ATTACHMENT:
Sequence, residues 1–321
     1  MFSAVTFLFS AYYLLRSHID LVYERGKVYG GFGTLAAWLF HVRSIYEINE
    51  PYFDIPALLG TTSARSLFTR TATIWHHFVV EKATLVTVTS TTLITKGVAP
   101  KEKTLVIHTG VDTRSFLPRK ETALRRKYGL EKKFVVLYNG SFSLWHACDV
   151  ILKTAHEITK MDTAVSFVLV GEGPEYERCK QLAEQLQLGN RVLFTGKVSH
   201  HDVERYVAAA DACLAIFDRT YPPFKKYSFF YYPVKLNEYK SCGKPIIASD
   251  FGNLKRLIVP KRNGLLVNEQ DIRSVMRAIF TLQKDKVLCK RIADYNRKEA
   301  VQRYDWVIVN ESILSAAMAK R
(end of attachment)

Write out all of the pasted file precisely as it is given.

Sequence, residues 1–321
     1  MFSAVTFLFS AYYLLRSHID LVYERGKVYG GFGTLAAWLF HVRSIYEINE
    51  PYFDIPALLG TTSARSLFTR TATIWHHFVV EKATLVTVTS TTLITKGVAP
   101  KEKTLVIHTG VDTRSFLPRK ETALRRKYGL EKKFVVLYNG SFSLWHACDV
   151  ILKTAHEITK MDTAVSFVLV GEGPEYERCK QLAEQLQLGN RVLFTGKVSH
   201  HDVERYVAAA DACLAIFDRT YPPFKKYSFF YYPVKLNEYK SCGKPIIASD
   251  FGNLKRLIVP KRNGLLVNEQ DIRSVMRAIF TLQKDKVLCK RIADYNRKEA
   301  VQRYDWVIVN ESILSAAMAK R